Batteries

Publication of the Batteries Directive in the EU Official Journal is expected very soon, following which the UK will have two years to implement its measures into national law. It is anticipated that the Directive will require producers of batteries to be responsible for the collection and recycling of spent portable, automotive and industrial batteries. Associated Regulations will restrict the materials that new batteries can contain.

Compliance with the above producer responsibility legislation can usually be achieved with the help of a waste management company that specialises in the recovery and recycling of the types of waste in question. In addition, it is possible in some circumstances (e.g. in respect of WEEE) for the producer to transfer responsibility for recovery and recycling to the business end user.

Failure to comply with the UK’s producer responsibility legislation constitutes a criminal offence. Directors and other senior employees can also be prosecuted in connection with any wrongdoing on the part of their company.

The message is "don’t be caught out". If you manufacture or import new products in one of the targeted categories or otherwise have a hand in bringing them to the market, you could be subject to producer responsibility legislation.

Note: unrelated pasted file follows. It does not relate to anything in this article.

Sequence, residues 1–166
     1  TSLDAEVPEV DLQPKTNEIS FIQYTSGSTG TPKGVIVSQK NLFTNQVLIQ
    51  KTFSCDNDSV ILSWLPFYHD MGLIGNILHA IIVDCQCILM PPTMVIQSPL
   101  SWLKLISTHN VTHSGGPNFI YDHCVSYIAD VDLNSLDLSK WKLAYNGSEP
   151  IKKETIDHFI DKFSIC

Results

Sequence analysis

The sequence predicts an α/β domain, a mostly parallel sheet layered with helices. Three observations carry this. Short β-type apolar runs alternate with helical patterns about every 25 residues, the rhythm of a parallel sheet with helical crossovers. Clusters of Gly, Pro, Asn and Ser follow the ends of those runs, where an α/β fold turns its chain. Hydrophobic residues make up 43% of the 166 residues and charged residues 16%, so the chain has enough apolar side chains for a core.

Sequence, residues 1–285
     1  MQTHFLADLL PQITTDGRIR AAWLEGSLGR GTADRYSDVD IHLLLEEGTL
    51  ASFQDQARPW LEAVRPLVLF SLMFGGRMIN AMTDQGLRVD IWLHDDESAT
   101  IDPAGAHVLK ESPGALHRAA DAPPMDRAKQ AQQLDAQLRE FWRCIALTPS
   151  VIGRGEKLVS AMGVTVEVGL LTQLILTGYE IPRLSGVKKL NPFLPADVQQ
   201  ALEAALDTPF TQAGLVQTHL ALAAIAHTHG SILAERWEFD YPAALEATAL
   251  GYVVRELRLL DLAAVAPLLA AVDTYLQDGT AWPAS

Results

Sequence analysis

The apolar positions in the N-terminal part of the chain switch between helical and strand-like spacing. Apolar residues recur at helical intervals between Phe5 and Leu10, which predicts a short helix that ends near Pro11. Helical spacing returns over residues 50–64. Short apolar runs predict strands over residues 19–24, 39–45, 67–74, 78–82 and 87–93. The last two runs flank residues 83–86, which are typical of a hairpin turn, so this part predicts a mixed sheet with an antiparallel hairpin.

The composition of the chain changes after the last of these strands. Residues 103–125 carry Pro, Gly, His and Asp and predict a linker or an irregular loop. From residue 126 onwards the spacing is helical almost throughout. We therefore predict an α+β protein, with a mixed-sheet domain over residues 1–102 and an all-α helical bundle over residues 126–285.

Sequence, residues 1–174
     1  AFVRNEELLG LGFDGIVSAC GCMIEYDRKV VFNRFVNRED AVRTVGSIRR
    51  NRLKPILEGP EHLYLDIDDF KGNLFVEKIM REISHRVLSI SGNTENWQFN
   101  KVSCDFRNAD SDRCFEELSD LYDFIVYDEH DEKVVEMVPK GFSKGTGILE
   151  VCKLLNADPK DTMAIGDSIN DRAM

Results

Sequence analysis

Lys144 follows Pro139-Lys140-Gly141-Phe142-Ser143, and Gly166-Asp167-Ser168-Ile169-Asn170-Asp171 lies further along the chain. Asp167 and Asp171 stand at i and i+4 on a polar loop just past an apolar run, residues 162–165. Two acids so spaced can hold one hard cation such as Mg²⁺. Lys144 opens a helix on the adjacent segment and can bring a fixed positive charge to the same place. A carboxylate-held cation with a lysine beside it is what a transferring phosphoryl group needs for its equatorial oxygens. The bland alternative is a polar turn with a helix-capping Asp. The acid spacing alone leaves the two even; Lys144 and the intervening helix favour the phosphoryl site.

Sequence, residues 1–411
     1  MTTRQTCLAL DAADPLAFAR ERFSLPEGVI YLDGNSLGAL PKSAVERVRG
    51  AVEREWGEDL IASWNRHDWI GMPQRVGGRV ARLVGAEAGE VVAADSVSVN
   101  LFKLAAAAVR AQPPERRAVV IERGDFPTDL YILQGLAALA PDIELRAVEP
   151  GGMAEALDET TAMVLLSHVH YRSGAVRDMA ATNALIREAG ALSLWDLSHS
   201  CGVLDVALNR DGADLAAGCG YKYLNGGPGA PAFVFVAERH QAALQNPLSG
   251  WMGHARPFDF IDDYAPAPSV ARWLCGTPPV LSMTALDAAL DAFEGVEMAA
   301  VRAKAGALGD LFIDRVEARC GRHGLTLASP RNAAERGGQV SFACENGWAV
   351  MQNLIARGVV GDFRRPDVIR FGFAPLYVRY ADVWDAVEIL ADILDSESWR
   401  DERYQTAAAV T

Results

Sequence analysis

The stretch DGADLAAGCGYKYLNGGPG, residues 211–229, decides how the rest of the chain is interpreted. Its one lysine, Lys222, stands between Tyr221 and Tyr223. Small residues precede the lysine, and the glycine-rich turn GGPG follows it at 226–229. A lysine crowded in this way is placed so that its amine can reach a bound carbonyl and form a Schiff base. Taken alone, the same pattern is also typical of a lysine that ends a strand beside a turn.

Carriage of cargo

Impala Platinum Limited v KLM and Northwest Airlines Supreme Court of Appeal, South Africa, 30 May 2006 On 30 May 2006, the South African Supreme Court of Appeal held that a named consignor can sue for loss of cargo notwithstanding that it suffered no financial loss itself.

The claimant, Impala, was the named consignor under two air waybills for carriage of precious metals to the United States on KLM and Northwest Airlines. Both consignments had been sold to different purchasers "CIP" (Carriage insurance paid). At its own expense, Impala had insured both consignments. The consignments were never delivered but Impala’s insurers paid Impala for one of the consignments (for which the consignee had not yet paid) and the consignee for the other consignment (which the consignee had already paid for).

The lower court had rejected Impala’s claim on the basis that Impala had not itself suffered any financial loss. As a result the lower court considered that Impala had no right to bring proceedings in respect of the lost cargo. The Court of Appeal reversed the lower court’s decision and held that Impala had title to sue the airlines. The Court reviewed the wording of the Warsaw Convention and considered that it clearly provided that a named consignor had a right to bring a claim. The Court noted that the realities of modern day international air carriage meant that consignors were frequently nominally involved and were entitled to sue in order to vindicate the rights of others who had a recognisable interest in the cargo.

The content of this article is intended to provide a general guide to the subject matter. Specialist advice should be sought about your specific circumstances.